I. Social Organizations

Before providing any significant assistance to fraternities, sororities, or similar organizations, campuses should assure themselves that these organizations do not permit discrimination that is otherwise prohibited by these guidelines.

X. Employment Practices

A. General

The University may not discriminate against any qualified handicapped person, on the basis of handicap, in employment under any program or activity. Decisions regarding employment should be made in a manner which ensures an absence of bias based on handicap, and in a way which does not limit, segregate, or classify applicants or employees in any way that adversely affects their opportunities or status because of handicap.


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University employment actions and decisions to which these rules apply include:

  1. Recruitment, advertising, and processing applications for employment;
  2. Hiring, upgrading, promotion, awards of tenure, demotion, transfer, layoff, termination, right of return from layoff, and rehiring;
  3. Rates of pay or any other form of compensation and changes in compensation;
  4. Job assignments, job classifications, organizational structures, position descriptions, lines of progression, and seniority lists;
  5. Leaves of absence, sick leave, or any other leave;
  6. Fringe benefits available by virtue of employment, whether or not administered by the University;
  7. Selection and financial support for training, including apprenticeship, professional meetings, conferences, and other related activities, and selection for leaves of absence to pursue training.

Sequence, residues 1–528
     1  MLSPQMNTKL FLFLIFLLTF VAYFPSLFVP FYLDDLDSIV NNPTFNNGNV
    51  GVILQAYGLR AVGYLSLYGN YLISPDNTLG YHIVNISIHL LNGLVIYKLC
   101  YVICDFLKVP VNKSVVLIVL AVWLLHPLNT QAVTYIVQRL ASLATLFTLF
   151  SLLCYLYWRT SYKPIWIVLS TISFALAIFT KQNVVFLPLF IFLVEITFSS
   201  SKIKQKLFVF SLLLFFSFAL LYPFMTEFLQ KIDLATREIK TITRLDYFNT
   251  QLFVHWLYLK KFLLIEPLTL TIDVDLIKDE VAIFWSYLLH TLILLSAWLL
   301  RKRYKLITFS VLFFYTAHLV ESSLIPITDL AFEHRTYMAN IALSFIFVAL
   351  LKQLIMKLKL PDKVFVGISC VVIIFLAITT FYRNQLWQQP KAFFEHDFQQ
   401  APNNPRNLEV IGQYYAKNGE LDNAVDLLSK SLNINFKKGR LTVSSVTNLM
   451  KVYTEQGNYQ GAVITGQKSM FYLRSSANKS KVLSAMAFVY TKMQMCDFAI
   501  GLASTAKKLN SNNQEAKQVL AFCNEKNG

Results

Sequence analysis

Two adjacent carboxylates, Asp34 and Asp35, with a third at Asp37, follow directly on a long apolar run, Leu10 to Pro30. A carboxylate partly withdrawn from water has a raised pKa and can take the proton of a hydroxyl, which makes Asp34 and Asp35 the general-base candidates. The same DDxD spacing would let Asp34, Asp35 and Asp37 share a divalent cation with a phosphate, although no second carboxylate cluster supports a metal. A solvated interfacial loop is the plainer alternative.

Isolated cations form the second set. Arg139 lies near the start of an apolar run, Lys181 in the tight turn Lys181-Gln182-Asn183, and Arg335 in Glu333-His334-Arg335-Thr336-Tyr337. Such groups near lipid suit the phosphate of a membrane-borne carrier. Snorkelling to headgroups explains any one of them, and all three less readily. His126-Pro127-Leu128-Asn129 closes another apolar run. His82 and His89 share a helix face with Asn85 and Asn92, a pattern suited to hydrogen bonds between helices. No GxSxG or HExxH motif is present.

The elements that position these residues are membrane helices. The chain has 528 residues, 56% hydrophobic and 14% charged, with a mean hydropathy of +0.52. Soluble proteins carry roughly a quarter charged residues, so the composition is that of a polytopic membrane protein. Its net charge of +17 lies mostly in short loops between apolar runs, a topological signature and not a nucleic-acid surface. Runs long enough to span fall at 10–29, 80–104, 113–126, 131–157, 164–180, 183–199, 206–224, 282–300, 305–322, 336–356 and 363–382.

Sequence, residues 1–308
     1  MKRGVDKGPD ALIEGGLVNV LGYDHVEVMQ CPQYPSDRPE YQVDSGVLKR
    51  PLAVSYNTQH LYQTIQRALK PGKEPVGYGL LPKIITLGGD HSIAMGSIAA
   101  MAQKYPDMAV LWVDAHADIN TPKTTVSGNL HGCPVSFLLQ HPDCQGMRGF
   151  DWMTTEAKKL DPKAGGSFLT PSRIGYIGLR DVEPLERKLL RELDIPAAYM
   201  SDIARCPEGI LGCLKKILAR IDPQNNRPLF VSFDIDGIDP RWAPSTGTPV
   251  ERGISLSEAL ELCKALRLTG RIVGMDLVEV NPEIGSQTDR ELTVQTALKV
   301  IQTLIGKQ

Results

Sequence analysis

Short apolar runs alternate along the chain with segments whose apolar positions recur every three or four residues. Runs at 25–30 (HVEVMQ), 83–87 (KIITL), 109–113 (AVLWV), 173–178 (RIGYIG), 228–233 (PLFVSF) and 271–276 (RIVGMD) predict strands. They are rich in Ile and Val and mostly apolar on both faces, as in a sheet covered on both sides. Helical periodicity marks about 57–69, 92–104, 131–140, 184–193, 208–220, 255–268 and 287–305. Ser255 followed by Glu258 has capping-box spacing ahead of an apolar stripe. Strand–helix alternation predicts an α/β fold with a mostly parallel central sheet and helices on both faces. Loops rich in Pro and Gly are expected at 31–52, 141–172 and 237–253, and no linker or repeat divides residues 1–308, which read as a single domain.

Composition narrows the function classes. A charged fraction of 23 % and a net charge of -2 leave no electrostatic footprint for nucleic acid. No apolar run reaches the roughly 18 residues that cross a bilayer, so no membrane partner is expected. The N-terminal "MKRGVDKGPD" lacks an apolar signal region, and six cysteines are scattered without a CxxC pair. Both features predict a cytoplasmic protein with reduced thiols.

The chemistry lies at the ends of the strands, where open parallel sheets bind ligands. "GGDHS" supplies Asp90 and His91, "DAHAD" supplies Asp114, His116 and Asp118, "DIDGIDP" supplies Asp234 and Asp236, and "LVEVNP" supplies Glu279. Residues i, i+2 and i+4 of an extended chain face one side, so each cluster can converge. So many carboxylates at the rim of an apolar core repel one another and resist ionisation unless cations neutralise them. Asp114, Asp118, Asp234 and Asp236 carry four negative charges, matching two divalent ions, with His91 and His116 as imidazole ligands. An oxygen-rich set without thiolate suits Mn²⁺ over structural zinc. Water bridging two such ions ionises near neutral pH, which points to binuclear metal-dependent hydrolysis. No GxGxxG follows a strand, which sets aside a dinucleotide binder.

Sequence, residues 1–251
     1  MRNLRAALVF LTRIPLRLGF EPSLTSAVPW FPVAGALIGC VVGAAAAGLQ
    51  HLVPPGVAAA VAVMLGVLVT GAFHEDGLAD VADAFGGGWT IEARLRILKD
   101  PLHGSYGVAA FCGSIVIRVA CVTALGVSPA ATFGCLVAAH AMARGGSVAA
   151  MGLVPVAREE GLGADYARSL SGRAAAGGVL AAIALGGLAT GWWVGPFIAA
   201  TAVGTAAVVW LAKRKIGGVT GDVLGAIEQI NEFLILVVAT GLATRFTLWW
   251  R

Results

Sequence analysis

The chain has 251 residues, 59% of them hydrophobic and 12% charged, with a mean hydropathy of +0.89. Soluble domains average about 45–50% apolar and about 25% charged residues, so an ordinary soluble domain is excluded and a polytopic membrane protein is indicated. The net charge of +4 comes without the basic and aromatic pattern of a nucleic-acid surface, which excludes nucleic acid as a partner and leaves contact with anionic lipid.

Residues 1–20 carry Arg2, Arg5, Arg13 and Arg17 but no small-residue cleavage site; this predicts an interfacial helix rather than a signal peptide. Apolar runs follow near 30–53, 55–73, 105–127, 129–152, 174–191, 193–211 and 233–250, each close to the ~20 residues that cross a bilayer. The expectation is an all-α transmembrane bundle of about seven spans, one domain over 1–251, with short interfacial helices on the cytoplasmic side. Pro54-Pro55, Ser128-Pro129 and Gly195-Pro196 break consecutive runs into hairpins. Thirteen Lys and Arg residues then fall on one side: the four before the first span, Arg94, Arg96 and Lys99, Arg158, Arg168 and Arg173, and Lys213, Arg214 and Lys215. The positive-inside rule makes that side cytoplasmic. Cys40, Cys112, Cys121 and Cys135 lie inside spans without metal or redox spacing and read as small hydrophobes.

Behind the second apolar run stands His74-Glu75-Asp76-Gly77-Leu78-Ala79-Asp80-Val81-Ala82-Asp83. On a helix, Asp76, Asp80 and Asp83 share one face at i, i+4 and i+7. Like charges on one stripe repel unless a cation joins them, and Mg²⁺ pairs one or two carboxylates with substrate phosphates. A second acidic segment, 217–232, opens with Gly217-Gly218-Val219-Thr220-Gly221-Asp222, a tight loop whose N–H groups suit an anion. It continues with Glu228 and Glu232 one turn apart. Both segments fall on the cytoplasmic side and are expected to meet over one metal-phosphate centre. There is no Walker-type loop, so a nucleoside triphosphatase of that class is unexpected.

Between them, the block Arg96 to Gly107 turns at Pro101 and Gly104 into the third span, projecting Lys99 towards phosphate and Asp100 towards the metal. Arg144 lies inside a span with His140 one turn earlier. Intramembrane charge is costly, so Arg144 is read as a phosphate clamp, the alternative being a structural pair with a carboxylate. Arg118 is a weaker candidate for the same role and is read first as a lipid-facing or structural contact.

8. Employer-sponsored activities, including social or recreational programs; and
  9. Any other term, condition, or privilege of employment.

B. Contractual or Other Relationships

The University may not participate in any contractual or other relationship (including those with employment or referral agencies, unions, organizations providing or administering fringe benefits to employees, or organizations providing training or apprenticeship programs) that has the effect of subjecting qualified handicapped applicants or employees to bias prohibited by these guidelines.

C. Reasonable Accommodation

The University shall make reasonable accommodation to the known physical or mental limitations of an otherwise qualified handicapped employee or applicant for employment, unless the University can demonstrate that the accommodation would impose an undue hardship on the operation of a program.